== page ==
Misinformation, fake news and data privacy concerns are seeding doubt in consumers around the integrity and authenticity of today’s brands and businesses. But faced with this crisis in trust, brands are presented with a unique opportunity to restore consumers’ confidence in their values and business practices through transparency.
A new report from social analytics and management firm Sprout Social, From Risk to Responsibility: Social Media and the Evolution of Transparency, reveals how transparency can help brands build deeper connections, enhance customer loyalty and ultimately appear more human.
Sprout Social surveyed 1,000 U.S. consumers about their perceptions and desires for brand transparency today and social media’s role in more transparent communication. The report reveals a staggering 86 percent of consumers believe transparency from businesses is more important than ever before, and more than half say they want brands to be most transparent on social media.
As social has created a culture rooted in 24/7 communication and the expectation of increased visibility across the board, the channel is uniquely positioned to support brands as they build long-term trust through open, honest and empathetic communication.
Key findings include:
Social amplifies a call for transparency, presenting threats, challenges and opportunities for brands
Forty percent of people who say brand transparency is more important than ever before attribute it to social media. In fact, more than half of consumers (53 percent) are likely to consider brands that are transparent on social for their next purchase. Conversely, a lack of transparency on social leaves 86 percent of people likely to take their business to a competitor.
There’s a large gap in consumer expectations and brand transparency practices on social
Eighty-one percent of people believe businesses have a responsibility to be transparent when posting on social media—a higher standard than they set for politicians, nonprofits, friends/family and even themselves. Meanwhile, only 15 percent of consumers believe brands are currently “very transparent” on social.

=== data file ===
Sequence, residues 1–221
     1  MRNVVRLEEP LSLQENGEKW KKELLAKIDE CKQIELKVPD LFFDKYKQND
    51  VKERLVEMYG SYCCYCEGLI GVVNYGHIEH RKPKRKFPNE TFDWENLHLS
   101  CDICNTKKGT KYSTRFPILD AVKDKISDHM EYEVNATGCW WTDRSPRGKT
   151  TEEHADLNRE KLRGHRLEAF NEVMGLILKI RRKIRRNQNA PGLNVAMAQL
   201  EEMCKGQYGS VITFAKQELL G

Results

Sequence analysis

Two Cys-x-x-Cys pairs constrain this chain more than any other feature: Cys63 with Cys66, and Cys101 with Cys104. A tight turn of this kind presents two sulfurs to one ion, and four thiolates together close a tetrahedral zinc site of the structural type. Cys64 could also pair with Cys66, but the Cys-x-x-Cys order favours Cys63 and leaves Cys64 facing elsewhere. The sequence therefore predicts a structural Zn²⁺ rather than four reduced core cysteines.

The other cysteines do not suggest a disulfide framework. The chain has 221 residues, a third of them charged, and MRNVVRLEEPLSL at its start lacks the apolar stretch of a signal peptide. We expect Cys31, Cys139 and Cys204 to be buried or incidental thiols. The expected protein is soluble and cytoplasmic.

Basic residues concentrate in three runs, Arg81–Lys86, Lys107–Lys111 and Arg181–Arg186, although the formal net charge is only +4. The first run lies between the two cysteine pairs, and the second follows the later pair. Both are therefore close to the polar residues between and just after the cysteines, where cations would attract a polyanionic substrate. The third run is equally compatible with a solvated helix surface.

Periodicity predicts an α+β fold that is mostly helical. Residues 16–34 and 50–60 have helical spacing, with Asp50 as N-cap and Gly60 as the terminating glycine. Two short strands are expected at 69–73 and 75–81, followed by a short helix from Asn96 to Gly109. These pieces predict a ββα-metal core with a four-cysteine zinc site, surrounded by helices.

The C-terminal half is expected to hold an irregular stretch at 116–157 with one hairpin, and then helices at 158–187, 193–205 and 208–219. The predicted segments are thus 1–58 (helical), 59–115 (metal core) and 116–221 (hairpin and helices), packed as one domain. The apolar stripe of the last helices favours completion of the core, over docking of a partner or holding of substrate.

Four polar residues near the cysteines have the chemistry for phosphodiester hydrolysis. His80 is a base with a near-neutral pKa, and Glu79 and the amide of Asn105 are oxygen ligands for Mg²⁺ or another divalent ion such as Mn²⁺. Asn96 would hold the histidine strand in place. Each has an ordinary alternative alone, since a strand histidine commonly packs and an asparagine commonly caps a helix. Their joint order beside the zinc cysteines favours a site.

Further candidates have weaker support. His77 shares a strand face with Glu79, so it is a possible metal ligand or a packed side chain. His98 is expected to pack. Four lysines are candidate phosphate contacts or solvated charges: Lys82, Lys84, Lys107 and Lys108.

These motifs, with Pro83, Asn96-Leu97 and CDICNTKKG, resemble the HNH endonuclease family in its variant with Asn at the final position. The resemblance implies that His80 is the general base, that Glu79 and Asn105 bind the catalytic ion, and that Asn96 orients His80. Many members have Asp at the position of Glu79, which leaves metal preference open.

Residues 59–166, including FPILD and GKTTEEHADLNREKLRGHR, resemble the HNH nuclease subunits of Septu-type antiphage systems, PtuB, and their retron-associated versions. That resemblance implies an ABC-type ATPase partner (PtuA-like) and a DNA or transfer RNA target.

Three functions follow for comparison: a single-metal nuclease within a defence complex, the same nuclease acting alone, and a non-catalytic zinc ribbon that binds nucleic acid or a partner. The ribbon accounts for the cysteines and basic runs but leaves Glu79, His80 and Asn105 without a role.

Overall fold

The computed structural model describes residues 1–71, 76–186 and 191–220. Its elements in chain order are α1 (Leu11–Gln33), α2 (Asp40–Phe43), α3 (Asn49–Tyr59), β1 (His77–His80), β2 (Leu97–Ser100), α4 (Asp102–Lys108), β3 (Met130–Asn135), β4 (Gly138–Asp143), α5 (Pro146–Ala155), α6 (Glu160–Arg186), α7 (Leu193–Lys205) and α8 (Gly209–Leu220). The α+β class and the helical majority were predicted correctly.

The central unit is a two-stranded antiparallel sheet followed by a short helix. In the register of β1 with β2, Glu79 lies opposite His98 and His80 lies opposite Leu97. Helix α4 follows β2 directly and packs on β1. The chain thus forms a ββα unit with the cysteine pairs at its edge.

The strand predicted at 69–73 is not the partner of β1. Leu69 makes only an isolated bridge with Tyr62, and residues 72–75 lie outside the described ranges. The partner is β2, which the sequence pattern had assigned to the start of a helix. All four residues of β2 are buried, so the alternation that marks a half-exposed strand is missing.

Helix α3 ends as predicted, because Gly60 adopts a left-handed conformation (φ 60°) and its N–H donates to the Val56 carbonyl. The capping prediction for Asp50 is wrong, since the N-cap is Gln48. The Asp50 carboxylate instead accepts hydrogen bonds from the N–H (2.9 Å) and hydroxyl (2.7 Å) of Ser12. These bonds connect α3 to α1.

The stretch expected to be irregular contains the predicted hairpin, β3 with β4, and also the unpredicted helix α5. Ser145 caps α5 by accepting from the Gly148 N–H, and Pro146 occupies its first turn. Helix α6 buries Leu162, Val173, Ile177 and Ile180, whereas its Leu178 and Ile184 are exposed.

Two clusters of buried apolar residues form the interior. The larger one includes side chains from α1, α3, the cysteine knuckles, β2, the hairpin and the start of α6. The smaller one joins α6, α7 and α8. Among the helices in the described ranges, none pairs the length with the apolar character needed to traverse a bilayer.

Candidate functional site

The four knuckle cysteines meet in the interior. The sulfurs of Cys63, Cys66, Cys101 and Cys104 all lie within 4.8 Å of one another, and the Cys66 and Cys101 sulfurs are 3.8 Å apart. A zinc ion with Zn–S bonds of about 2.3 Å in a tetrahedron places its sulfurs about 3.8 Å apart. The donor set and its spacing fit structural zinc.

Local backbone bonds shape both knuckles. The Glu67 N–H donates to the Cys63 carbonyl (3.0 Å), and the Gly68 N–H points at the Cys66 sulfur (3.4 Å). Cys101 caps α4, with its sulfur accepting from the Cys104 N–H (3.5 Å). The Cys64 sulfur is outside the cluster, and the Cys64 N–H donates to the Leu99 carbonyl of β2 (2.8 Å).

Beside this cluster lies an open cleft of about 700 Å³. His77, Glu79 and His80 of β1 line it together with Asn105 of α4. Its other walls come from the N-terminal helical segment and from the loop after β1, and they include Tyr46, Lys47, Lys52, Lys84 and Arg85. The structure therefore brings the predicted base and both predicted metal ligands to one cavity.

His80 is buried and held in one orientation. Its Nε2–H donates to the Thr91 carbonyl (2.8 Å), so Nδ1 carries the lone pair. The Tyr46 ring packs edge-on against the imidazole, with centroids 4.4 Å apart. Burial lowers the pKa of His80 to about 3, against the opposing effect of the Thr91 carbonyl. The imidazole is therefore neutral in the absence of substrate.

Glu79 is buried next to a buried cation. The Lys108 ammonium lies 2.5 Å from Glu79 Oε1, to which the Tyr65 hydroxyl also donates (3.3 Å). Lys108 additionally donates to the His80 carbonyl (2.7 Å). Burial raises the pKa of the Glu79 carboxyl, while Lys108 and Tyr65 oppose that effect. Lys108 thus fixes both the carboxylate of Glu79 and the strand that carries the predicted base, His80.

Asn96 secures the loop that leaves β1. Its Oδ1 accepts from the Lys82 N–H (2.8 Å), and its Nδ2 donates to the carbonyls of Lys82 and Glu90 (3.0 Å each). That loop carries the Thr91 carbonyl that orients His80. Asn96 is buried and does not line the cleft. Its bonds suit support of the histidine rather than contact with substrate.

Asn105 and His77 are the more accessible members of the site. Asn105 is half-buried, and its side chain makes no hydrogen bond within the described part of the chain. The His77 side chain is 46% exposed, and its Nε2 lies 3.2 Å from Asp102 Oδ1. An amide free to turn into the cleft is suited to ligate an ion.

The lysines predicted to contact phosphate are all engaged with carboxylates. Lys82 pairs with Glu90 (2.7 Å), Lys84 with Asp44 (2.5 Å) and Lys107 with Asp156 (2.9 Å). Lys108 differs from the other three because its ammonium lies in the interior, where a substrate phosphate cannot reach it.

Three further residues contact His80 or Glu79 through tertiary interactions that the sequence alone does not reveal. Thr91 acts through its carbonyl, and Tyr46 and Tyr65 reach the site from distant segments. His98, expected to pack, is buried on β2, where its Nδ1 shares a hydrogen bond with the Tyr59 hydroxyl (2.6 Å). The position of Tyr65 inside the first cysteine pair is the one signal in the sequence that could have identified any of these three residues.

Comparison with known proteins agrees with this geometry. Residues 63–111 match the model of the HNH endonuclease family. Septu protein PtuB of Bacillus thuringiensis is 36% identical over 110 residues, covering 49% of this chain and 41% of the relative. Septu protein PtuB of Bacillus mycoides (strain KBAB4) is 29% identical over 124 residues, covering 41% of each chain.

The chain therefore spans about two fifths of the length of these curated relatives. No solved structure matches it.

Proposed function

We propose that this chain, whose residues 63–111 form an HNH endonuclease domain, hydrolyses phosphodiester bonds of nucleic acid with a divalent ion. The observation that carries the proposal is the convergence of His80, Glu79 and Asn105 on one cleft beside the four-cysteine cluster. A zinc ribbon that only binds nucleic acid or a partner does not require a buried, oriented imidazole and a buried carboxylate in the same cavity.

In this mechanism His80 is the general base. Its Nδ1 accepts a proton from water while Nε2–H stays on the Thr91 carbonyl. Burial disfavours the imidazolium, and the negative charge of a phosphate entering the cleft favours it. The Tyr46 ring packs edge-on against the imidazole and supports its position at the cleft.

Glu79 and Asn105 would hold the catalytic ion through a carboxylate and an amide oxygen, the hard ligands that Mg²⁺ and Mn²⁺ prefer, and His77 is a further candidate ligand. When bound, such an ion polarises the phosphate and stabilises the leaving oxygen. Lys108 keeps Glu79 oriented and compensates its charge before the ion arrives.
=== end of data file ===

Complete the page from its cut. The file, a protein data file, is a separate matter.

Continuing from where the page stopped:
Transparency drives loyalty
When brands develop a history of transparency, nearly nine in 10 people are more likely to give them second chances after bad experiences and 85 percent are more likely to stick with them during crises.
CEOs with a social presence reap benefits for their businesses
One third of consumers say they would purchase more from brands whose CEOs demonstrate transparency on social, with 63 percent saying CEOs with their own social profiles better represent their companies.
Millennials raise the bar for transparency best practices on social
Millennials rate social media as the communication channel where they want brands to be the most transparent, and 70 percent of millennials want CEOs to have a personal presence on social media.
“Our data shows that transparency truly makes the difference in forming lasting connections between businesses and consumers,” said Jamie Gilpin, chief marketing officer at Sprout Social, in a news release. “But being a transparent brand is much more than a singular campaign or announcement. It’s an ongoing practice that showcases the humanity of a brand and builds a relationship that’s rooted in authenticity and honesty. Social media is a prime platform for brands to build this relationship and establish unwavering consumer trust.”